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November 4, 2012 2:56 pm

The Reality of Barack Obama

avatar by Yale Zussman

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President Obama on an episode of 60 minutes. Photo: screenshot.

This election just keeps getting curiouser and curiouser.  In its Friday edition, The Washington Post endorsed Barack Obama for reelection, hardly a surprise in light of that paper’s role in promoting him in 2008 as the solution to all the nation’s problems.  What makes the endorsement food for thought is that it reflects an astounding failure to see Obama for what he is.

This point came home where they wrote, about Mitt Romney, that his campaign consists of “a willingness to say just about anything to win.  Every politician changes his mind sometimes; you’d worry if not. But rarely has a politician gotten so far with only one evident immutable belief: his conviction in his own fitness for higher office.”  What makes this so interesting is that, with the exception of a willingness to change his mind, it is a perfect description of Barack Obama’s approach to politics.

The Post mentioned an extensive list of Obama’s failures during his term, evidently they understand that they wouldn’t be taken seriously if they didn’t, and then blamed the Republicans, much as Obama does.  Elsewhere, they claim that Romney’s economic plan doesn’t add up, but the same can be said for the Post’s attribution of blame for Obama’s failures.

Obama failed even when his party controlled both houses of Congress, after he had been elected by a substantial majority, and when it looked like his coat-tails would be valuable in the 2010 election.  The Post would have us believe that the Republicans will be more cooperative if he manages to eke out re-election after association with him proved to be a serious liability in 2010, he has become a lame-duck, and his polarizing political and personal style has further alienated Republicans, who may control both houses of Congress in January.  If they believe this, maybe we could solve the deficit problem by repeatedly reselling this bridge I own…

The problems with Obama don’t end with his being the most polarizing leader we’ve ever had.  They extend to a leadership psychology that is about as bad as it can get.  Abandonment by a parent produces a child  who really never grows up, but spends the rest of his life trying to prove something to the missing parent or getting even.  Obama was abandoned by both of his parents.  The experience leads to a desire for power and the “immutable belief… in his own fitness for higher office.”  Obama doesn’t “change(s) his mind” even in the face of overwhelming evidence that he is wrong, because that might force him to reconsider his whole approach to life.

Thus, having brought the Middle East peace talks to a halt by siding with the Palestinians, he simply upped the ante by making further demands on Israel.  That there is no longer any prospect of meaningful discussions after the new Islamist government of Egypt has announced its intention to unilaterally revise the Camp David peace accord with Israel does not seem to have registered with him.  Why should Israel negotiate if any treaty reached will not be deemed binding on the Muslim side?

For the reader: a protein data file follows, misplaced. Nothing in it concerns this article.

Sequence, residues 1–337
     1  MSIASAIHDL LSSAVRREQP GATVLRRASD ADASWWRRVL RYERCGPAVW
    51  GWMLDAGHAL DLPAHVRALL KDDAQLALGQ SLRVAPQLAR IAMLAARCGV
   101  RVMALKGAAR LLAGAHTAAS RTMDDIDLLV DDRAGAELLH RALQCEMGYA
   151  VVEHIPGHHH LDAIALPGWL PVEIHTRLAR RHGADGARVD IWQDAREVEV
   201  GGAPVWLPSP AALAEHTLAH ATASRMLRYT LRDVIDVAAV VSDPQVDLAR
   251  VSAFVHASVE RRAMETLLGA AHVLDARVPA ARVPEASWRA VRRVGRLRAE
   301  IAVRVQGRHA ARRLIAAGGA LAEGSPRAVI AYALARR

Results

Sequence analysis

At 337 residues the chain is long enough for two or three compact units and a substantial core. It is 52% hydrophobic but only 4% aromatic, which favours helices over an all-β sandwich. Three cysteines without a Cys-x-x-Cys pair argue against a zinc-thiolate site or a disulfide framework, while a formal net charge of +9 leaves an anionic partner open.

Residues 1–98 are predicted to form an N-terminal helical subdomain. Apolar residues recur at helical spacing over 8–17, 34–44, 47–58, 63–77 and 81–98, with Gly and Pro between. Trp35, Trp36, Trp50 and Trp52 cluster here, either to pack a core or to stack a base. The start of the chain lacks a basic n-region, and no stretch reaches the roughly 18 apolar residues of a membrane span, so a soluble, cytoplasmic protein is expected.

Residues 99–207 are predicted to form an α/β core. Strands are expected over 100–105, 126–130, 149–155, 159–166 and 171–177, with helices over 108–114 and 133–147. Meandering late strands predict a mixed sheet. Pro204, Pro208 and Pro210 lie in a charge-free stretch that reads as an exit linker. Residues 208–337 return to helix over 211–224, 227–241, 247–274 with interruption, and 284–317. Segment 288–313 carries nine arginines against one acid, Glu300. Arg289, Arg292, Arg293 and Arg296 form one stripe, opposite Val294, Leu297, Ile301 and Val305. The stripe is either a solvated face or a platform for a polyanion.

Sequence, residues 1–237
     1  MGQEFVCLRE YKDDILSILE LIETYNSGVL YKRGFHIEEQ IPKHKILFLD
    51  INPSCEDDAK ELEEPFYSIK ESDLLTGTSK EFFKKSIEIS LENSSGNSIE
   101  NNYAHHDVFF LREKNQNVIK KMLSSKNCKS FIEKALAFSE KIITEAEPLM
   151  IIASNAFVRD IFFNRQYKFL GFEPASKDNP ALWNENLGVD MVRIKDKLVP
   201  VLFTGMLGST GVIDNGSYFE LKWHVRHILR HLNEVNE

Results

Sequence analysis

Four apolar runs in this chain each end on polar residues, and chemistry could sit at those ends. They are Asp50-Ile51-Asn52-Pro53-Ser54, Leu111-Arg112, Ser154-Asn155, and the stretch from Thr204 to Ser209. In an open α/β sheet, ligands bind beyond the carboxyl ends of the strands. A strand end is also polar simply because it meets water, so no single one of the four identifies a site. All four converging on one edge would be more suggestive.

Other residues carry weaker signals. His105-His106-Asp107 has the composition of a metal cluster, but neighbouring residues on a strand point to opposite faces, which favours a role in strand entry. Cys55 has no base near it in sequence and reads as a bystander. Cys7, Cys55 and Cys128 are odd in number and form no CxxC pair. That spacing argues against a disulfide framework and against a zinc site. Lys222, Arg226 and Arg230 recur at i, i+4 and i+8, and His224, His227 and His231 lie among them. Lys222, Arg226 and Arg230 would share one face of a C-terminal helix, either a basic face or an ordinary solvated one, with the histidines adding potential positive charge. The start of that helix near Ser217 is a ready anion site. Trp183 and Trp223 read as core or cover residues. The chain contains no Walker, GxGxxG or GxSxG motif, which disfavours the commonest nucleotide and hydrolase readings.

Similarly, Obama entered office convinced that his personal involvement would result in meaningful negotiations with Iran over its nuclear program.  The result has been an ongoing series of meetings that have merely provided more time for the Iranians to move toward a weapon.  The Iranians have been playing him for a fool, and to avoid having to face up to that reality, he has persisted in seeking more talks.  Nothing will be done under Obama because that would require him to admit he had been wrong.

The advantage in the skills necessary to be an effective political executive all favor Romney.  We know Romney was at Bain, rescued the Olympics, and then served as governor of Massachusetts.  There doesn’t seem to be much question that he knows how to run an organization.  Meanwhile, the Post knows, even if it doesn’t give much attention to this fact, that the Obama Administration is an organizational nightmare.

The same thing applies to political skills.  Romney was an effective, if less than brilliant, governor in a state where his party was an irrelevancy in the legislature.  He knows how to work with Democrats.  Obama failed even when his party controlled both houses of Congress.  He shows no sign of having learned anything from this experience.

The roster of problems goes on.  Obama is on the record that after he is re-elected, and beyond the reach of the voters, he will do as he sees fit, ruling by decree if necessary.  We know he told Russian President Medvedev that he would comply with Russia’s desires on missile defense for Europe.  He has opened the door for penetration of the US government by people affiliated with the Muslim Brotherhood, an organization dedicated to destroying Jews, Christians, and Israel. Their manifesto states explicitly that they seek to destroy Western civilization from within. What role have these people played in setting US policy on Middle Eastern issues?  What role will they play in a second Obama Administration?  The issue hasn’t even been discussed. Obama’s State Department continues to support a UN resolution that would prohibit honest discussion of Islam.  Is the end of free speech on the horizon?  And this at the hand of someone who has sworn to “preserve, protect, and defend the Constitution…”

Yale Zussman holds a Doctorate in Political Science from the Massachusetts Institute of Technology where he concentrated on International Relations, American Government, and the role of leadership.  He has no connection to the Romney campaign.

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